Definition 5 For , suppose , we set if for . For , we denote . The height of a metrized line bundle is defined to be for any . It is well-defined by the product formula. The degree of is defined to be
Remark 5 The nonarchimedean part is equal to . When and is the generator of , one then recovers that (one thinks of as the area ).

Now let us come back to the case of abelian varieties. Let be an abelian variety of dimension over . Let be the Neron model of . Then the sheaf of Neron differentials is locally free of rank on . So the top wedge power is a locally free sheaf of rank 1 on . Pulling back by the zero section , we obtain a line bundle . We specify the norm for every by

Definition 6 Let be the metrized line bundle on described above. The Faltings height of is defined to be
Remark 6 Since the Neron model may change after field extension, the Faltings height depends on the base field . However, by the semistable stable reduction theorem, the Neron model does not change after base change to some finite field extension. We thus define the stable Faltings height to be the Faltings height , for any such that has semistable stable reduction everywhere.
Remark 7 For an elliptic curve over , we simply recover which coincides with our intuition.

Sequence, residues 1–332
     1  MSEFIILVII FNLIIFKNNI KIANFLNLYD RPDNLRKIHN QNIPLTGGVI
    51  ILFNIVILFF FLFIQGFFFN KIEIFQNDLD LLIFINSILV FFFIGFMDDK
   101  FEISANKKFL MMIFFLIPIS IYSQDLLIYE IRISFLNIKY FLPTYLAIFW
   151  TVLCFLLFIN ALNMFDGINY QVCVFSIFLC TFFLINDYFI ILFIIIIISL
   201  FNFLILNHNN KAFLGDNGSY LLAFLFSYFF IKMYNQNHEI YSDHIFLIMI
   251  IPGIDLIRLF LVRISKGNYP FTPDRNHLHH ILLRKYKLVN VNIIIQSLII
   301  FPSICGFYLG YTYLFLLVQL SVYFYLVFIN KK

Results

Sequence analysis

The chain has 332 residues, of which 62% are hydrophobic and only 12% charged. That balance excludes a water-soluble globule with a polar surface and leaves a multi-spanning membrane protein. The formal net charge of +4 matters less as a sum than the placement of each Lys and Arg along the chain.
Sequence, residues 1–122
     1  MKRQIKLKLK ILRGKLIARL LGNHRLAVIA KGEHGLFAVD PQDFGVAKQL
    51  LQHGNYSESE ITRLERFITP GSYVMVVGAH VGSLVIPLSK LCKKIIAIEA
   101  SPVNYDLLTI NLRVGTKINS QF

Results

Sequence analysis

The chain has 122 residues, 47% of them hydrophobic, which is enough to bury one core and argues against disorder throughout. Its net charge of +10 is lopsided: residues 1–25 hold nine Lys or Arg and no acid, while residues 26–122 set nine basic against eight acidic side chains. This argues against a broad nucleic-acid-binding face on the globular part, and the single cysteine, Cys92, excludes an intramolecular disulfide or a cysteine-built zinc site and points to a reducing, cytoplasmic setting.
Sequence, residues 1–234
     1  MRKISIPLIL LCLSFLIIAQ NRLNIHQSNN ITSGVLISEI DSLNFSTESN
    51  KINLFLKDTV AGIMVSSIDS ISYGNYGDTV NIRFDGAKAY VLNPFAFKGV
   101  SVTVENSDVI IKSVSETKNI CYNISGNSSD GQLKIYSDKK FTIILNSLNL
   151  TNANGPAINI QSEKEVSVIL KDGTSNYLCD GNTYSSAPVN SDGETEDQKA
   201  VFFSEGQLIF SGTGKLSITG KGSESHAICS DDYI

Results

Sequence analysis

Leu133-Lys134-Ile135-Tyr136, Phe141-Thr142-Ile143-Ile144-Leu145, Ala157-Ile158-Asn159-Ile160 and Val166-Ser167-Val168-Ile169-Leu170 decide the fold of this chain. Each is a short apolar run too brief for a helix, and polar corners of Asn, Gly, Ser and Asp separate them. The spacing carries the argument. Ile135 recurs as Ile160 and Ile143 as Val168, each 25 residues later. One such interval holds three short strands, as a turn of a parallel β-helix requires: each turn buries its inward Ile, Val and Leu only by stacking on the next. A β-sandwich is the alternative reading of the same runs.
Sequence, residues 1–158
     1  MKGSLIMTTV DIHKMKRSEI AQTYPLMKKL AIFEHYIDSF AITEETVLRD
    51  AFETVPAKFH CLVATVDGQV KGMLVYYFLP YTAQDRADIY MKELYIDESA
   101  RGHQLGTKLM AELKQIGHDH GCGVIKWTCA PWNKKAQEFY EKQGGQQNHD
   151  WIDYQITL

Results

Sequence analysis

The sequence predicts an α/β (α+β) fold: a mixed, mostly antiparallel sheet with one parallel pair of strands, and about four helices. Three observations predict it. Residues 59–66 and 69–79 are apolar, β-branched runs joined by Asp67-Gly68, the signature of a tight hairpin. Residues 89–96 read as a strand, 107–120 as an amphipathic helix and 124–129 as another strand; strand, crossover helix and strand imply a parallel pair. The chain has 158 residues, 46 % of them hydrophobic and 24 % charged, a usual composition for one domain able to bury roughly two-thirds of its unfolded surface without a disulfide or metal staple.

## Comparison of heights for elliptic curves

We first give an explicit formula of the Faltings height .

Theorem 7 Let be an elliptic curve. Suppose for . Then where is the minimal discriminant and is the modular discriminant function.
Remark 8 When , we again recover for the minimal Weierstrass equation .
Proof Let be any Weierstrass equation of . We shall utilize the invariance of the section of under the change of coordinates to calculate the Faltings height locally. For , let be the Neron differential at , then by the invariance of , we know that where is the minimal discriminant of at . So for , Hence the local contribution at is and the total nonarchimedean contribution is . For , let be the Weierstrass equation given by and then by the invariance of , we know that We compute therefore the local contribution at is and the total archimedean contribution is This completes the proof. ¡õ

Using the previous explicit expression, now we can prove the comparison theorem of the Faltings height and the modular height for elliptic curves.

Theorem 8 There exists some constant such that for elliptic curves with semistable reduction everywhere,
Proof For any , we can suitably choose such that , so that . Hence implies that Using the -expansion of , one also knows that Therefore Also from we obtain Plugging into the explicit formula of the Faltings height gives